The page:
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There has never been a better time to become a fintech founder

The barriers are higher than in 2008, but this market downturn presents a unique opportunity for a new generation of fintech founders, writes Jed Rose, Partner, Antler.

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Pexels/Alexander Suhorucov

The UK’s position as the global capital for fintech innovation was born in the fallout of the financial crash of 2008.  

As the country faces a potential recession 14 years later, there is a sense of cautious optimism that aspiring fintech founders will find opportunities in the current economic uncertainty and create a new generation of British fintech unicorns in the process. 

However, potential fintech founders starting their entrepreneurial journey in 2022 face a landscape that would be almost unrecognisable to their predecessors. 

The first generation of British fintech startups leveraged a unique moment in time. Armed with technology skills and a simmering rage about the excesses of financial services, disillusioned bankers went from Canary Wharf to Old Street and unleashed the new efficiencies of digital innovation on traditional banking practices for the very first time. 

The iPhone had launched the year before, and consumers were starting to adopt online banking at scale. This was a global market ready for digital disruption, and widespread redundancies after the financial crash made London an epicentre of talent. 

These former bankers and emerging fintech founders also had generous redundancy packages which supplemented the lucrative salaries they had already enjoyed - giving them the freedom to operate without the practical worries of not being able to pay the bills. 

The landscape in 2022 is clearly very different. Potential founders being battered by the cost of living crisis, rising inflation and mortgage rates have to make very different decisions to those creating startups 14 years ago. 

However, despite arguably higher barriers to entrepreneurship than ever, I would argue that there has never been a better time to become a fintech founder in the UK. If 2008 started a British fintech revolution, then 2022 could create British fintech companies that achieve even greater global success long-term. 

Despite the growing economic turbulence, we have actually seen applications from potential founders increase by nearly 20% over the past six months for our residential program where we pay people to leave their jobs to start a business. These founders are technical experts coming not from banks, but from fintech companies and scale-ups who are looking to seize this once-in-a-generation opportunity to build a new business to solve the new, significant problems facing society during a period of great uncertainty.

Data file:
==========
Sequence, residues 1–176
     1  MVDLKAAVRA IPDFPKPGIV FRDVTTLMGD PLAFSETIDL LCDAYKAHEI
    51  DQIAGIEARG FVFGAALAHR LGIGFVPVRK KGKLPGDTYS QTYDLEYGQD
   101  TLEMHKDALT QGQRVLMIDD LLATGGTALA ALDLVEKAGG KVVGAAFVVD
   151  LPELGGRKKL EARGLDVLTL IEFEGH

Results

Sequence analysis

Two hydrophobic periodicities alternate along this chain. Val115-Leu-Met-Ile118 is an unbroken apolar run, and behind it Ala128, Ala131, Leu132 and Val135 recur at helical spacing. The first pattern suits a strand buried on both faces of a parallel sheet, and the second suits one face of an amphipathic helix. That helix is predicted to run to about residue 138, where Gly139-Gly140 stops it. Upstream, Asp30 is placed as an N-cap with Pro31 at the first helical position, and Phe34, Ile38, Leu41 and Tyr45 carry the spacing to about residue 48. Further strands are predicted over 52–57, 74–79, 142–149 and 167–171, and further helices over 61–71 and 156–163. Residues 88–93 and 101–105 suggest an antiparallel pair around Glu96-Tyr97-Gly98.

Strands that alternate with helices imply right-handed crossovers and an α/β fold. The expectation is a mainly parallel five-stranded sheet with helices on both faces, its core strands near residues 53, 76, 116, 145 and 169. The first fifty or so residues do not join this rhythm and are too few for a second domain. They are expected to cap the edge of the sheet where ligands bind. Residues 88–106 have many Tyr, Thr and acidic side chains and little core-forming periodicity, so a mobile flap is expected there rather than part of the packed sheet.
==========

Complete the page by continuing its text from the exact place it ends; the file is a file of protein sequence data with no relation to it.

They represent highly skilled tech talent with first-hand experience creating products within high-growth fintech companies. Traditionally, European unicorn founders enjoyed successful careers in banks or consultancies before pursuing startup ambitions. Now, after more than a decade of growth in the European tech ecosystem, we’re seeing tech companies producing the next generation of tech founder talent. 

Also, the fintech founders of 2008 were entering a market that wasn’t equipped to provide growth capital to early-stage tech companies. SEIS and EIS weren’t yet established, and there were a handful of venture capital firms across Europe. 

Now, there is more capital available to early-stage founders than ever before. And, whilst the tech downturn has stopped the ‘mega rounds’ that drove tech investment to record-breaking levels in previous years, we are seeing remarkable resilience within early-stage investment activity.

The UK government’s recent announcement that expanded SEIS to further encourage investments in new UK businesses will result in more startups being formed. Institutional investors are also shifting to earlier-stage across a broad portfolio to better diversify their holdings against the valuation decreases seen with later-stage businesses.

VC firms have to deploy their capital within a set period of time, and they are looking to early-stage investments as a likely valuable source of portfolio growth during this period of economic uncertainty. If most recessions last between two to three years, then backing early-stage companies with a diversified strategy could play a valuable part of their overall portfolio strategy for the life of their fund. 

Within this context, new fintech unicorns will emerge from this recession. If potential founders can embrace the risk of leaving more reliable positions during a cost-of-living crisis, then they have significant opportunities ahead. 

This combination of more capital, more experienced founders, unique opportunities for disruption and low costs of establishing a business means that there is significant growth potential. 

For the fintech founders that can navigate this complex economic situation, there is every opportunity for 2022 to inspire the creation of the next great fintech unicorns out of the UK. 

The views and opinions expressed are not necessarily those of AltFi.

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